Arms Deals in the Dark: secret contracts in the defence sector

The past few months have seen major scandals in defence procurement involving The Colombian Defence Ministry, AgustaWestland and the UK government, Rolls-Royce and Hindustan Aeronautics Ltd, and Kongsberg Gruppen. The ghosts of corruption past are coming back to haunt these institutions.

We’ve also seen major new contracts announced: BAE Systems and Saudi Arabia have agreed on a deal for Eurofighter jets, negotiated by the UK government. France has agreed to sell weapons to Lebanon, with Saudi financing. Rheinmetall is selling US$128 million worth of air defence units to an anonymous country in North Africa. Canada is selling arms to Saudi Arabia. Iran is – controversially – allegedly selling arms to Iraq. Saab has made a deal with Brazil. Egypt and Russia are negotiating a US$2 billion deal.

Are these deals budding corruption scandals waiting to emerge? They all have one thing in common, and it’s not just that they involve expensive arms and national defence issues: we don’t know much about them, but we should.

That’s why we have launched a new campaign and petition to stop secret contracts that allow corruption, fraud, and abuse to thrive.

Some people might say “that’s good for most sectors, but the defence sector involves sensitive strategic information, and that needs to be secret to keep the country safe”. This may be true under limited circumstances – when there are technical details that provide a key strategic advantage, for example.

Unfortunately, far too often, blanket secrecy is the norm. It shouldn’t be. Defence procurement is rife with corruption risks – and it is possible to have a better balance between security and transparency to reduce those risks.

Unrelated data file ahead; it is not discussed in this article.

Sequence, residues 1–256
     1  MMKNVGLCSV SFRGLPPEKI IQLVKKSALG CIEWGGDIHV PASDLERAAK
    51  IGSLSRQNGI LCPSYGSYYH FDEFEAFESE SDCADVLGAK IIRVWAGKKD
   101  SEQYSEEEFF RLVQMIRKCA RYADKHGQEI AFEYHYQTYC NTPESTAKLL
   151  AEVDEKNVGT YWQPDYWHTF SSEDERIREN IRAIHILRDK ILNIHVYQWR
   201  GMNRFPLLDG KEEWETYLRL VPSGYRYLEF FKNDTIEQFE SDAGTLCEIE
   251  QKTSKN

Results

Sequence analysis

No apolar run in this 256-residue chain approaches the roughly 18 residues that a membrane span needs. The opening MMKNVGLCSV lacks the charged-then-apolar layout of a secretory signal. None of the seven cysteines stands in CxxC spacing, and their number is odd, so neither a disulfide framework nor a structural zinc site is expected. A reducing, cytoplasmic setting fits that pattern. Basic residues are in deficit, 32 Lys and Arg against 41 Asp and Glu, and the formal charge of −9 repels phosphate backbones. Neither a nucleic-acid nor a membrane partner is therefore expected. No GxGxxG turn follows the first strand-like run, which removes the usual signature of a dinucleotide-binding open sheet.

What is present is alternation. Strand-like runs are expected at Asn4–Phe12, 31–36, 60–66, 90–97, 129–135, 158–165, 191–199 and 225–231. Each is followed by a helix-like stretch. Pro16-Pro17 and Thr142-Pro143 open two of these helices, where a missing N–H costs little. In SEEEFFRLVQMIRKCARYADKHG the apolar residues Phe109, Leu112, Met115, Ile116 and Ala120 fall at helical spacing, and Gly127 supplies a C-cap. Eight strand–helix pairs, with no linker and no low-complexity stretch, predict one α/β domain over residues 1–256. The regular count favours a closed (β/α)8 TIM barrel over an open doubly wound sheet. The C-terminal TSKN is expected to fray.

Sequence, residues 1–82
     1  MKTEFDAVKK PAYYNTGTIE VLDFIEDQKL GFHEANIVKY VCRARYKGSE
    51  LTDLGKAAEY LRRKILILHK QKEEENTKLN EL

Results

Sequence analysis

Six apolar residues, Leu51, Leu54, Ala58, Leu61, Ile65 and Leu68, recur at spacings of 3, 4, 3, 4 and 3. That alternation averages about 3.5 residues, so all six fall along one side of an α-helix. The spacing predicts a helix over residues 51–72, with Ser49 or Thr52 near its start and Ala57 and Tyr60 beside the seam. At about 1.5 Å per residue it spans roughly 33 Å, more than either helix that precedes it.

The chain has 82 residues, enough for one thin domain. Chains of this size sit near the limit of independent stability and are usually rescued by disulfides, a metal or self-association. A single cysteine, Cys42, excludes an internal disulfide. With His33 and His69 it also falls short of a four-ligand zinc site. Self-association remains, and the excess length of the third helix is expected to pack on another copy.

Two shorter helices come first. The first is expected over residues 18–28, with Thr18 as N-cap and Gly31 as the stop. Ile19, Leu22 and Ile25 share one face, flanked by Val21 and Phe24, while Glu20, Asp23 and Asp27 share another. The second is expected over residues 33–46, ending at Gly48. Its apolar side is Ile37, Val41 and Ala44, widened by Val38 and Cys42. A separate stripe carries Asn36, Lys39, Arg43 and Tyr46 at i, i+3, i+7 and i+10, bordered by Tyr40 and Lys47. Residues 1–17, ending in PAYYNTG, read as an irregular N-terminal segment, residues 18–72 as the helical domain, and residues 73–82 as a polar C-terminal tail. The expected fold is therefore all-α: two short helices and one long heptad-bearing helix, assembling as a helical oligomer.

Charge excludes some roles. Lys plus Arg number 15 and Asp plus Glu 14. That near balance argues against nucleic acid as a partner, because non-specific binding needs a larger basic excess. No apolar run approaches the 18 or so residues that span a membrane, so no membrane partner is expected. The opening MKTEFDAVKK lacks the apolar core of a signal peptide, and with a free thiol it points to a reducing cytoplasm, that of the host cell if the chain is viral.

There are not many reasons for secrecy and the principles of Open Contracting should apply to the defence sector. The majority of purchases don’t involve highly sensitive, strategic information. Too often blanket secrecy allows contracts for things like pots and boots to be secret, preventing oversight and making the risk of overpayment very high.

It comes from your pockets

Take the recent case in the US Navy, where a navy commander and a senior agent for the Naval Criminal Investigative Service were arrested for corruption charges in a deal with Glenn Defense Marine, an Asian defence contractor. The corruption scheme involved overbilling on an enormous scale – and kickbacks in the form of prostitutes, luxury hotel rooms, and tickets to a Lady Gaga concert. But the deals in which this corruption occurred included services like general pier-side services, tugboats, and sewage disposal – things that have no business staying out of the public eye.

It is also usually possible to maintain secrecy over a small percentage of information, but make the majority of contract information public.

We must not forget that defence purchases – like with other sectors – come out of our pockets, through taxes and state resources. The argument that contracts need to be kept secret to protect us is nearly always a false assertion.

The military essentially buys things to ensure that the state has the material and equipment it needs to defend its citizens. Let’s flip the “defence needs secrecy” argument around: the more citizens’ lives are affected by a purchase, the greater our right is to know what is being bought – and at what price – to protect us.

Sign the petition here to demand an end to secret contracting in the defence sector.

Carousel image: Creative commons, Flickr/ Parker Gyokeres

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Leah Wawro

About Leah Wawro

Leah Wawro works for the International Defence and Security Programme at Transparency International UK.

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